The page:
UN experts call for urgent action to stop violence against women: Tigray conflict

OHCHR

UN human rights experts* today expressed grave concern about the widespread sexual and gender-based violence committed against women and girls in the Tigray, Amhara and Afar regions of Ethiopia by parties to the conflict.

They reiterated the recommendations by the Ethiopian Human Rights Commission-Office of the High Commissioner for Human Rights Joint Investigation report, for authorities to ensure victims are offered full support and redress, and perpetrators are brought to justice.

“These acts of violence constitute some of the most egregious violations of human rights and humanitarian law,” the experts said. “They appear to have been used as part of a deliberate strategy to terrorize, degrade and humiliate the victims and the ethnic minority group that they belong to with acquiescence of the State and non-State actors parties to the conflict.

“These brutal acts have devastating physical and psychological impacts on the victims, which are exacerbated by the lack of access to assistance, support and redress for survivors.”

The reported acts of violence are attributed to members of the Ethiopian National Defense Force, the Eritrean Defense Force, Tigrayan Forces, Tigrayan militias, the Amhara Regional Special Force, and Fano militia, the experts added.

While the exact prevalence of gender-based violence is unknown, the estimates are shocking. From February to April 2021, health facilities registered more than 1,000 cases and, in the month of July alone they reported 2,204 cases in the Tigray region. One of the one-stop centres reported that the victims in over 90 percent of cases were underage girls and estimated that visits to the centre had quadrupled since the conflict erupted a year ago.

“It is important to keep in mind that these figures are an underestimation of the true extent of gender-based violence being committed,” the experts said. “This type of violence is severely under-reported due to fear and stigma, and, in this particular context, inaccessibility to health or support centres.

“Despite the humanitarian situation, proper access to facilities is vital to ensure adequate care, for instance for women and girls at risk of developing life-threatening infections, or to allow for abortion for women and girls who become pregnant as a result of rape.”

Violence was committed in both rural and urban areas, in the victims’ homes or the places where they were sheltering. In some cases, women and girls were raped because of their perceived or actual political affiliation, to pressure them to reveal the whereabouts of their male relatives, or as acts of revenge.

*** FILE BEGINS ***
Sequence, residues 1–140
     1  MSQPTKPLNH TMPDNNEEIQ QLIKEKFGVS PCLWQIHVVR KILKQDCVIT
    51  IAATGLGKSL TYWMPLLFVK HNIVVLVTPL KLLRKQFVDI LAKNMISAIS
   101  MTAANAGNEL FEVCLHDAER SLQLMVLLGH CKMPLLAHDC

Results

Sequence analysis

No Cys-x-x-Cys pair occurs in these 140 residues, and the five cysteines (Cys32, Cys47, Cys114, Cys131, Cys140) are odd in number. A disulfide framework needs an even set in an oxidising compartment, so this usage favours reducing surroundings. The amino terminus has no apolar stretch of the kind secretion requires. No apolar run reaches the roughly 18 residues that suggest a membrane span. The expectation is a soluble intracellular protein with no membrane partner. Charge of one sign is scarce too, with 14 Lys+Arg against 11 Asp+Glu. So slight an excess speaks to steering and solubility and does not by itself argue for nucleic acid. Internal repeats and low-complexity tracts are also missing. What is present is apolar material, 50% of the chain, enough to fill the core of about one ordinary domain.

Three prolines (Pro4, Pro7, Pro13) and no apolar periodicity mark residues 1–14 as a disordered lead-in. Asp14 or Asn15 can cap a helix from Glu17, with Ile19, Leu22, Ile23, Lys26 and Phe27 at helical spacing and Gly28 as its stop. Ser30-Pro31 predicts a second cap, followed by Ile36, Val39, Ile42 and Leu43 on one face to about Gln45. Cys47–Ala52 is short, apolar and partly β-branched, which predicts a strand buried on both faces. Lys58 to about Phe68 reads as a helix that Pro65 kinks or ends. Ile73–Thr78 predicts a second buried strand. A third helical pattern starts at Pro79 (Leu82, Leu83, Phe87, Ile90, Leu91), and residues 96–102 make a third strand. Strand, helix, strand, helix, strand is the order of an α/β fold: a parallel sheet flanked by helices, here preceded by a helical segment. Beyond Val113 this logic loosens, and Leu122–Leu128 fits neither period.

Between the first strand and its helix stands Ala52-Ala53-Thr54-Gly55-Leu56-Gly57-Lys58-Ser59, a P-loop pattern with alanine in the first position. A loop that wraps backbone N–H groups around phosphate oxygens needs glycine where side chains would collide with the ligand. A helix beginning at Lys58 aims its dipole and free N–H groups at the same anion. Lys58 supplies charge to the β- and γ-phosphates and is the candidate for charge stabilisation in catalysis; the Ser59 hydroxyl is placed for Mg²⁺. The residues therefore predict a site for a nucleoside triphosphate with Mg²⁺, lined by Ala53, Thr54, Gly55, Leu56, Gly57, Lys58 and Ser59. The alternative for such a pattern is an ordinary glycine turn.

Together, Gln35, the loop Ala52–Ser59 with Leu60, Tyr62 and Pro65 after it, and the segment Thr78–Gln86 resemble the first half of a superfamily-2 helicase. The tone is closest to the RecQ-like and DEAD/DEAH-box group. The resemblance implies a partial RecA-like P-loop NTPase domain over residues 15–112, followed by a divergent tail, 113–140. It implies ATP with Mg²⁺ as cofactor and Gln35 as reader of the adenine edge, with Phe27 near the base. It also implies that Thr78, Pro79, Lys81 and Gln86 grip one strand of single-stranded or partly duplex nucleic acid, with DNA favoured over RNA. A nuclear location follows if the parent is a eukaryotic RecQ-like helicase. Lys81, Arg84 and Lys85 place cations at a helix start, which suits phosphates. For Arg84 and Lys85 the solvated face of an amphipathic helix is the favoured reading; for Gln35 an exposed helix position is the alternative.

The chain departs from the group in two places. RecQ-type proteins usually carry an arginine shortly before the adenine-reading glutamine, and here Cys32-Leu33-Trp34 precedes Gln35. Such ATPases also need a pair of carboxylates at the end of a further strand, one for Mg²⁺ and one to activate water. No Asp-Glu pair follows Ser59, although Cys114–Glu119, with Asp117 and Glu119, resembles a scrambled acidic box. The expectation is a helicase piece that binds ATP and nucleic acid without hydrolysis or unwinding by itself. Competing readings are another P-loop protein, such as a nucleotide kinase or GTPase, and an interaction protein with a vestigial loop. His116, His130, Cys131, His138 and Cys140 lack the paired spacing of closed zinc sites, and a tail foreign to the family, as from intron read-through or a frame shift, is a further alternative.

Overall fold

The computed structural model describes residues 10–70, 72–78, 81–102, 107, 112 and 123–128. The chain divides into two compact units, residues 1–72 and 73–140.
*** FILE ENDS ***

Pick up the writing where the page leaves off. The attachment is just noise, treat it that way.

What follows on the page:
“Internally displaced women and girls in Ethiopia and Eritrean refugee women and girls living in the Tigray region have been particularly exposed to sexual violence. Eritrean women and girls, specifically, have been seriously affected by the conflict and doubly victimized,” the experts said.

“In addition to the grave consequences of sexual violence, most victims have also been harmed in other ways by the conflict including by having close relatives killed.

“We would like to remind State and non-State actors parties to the conflict of their duty to respect and protect human rights, and to prevent violations in any territory under their jurisdiction or effective control, whether by State or non-State actors.

“In particular, we reiterate the recommendations made by the Ethiopian Human Rights Commission-Office of the High Commissioner for Human Rights Joint Investigation report to end all forms of sexual violence, and to issue clear, public and unequivocal instructions to all armed forces and groups to forbid sexual and other gender-based violence and render these acts punishable on the basis of direct and command responsibility.

“We also reiterate the need for Ethiopia and Eritrea to implement the report’s recommendations – to take immediate measures to protect women and girls from rape and other forms of gender-based violence; provide redress to victims; facilitate immediate access to adequate health care, including the full range of sexual and reproductive health services, and psychosocial support; ensure proper documentation and investigation of all incidences of sexual violence by independent and impartial bodies, and hold perpetrators to account.”

The experts have raised their concerns with the Governments of Eritrea and Ethiopia.

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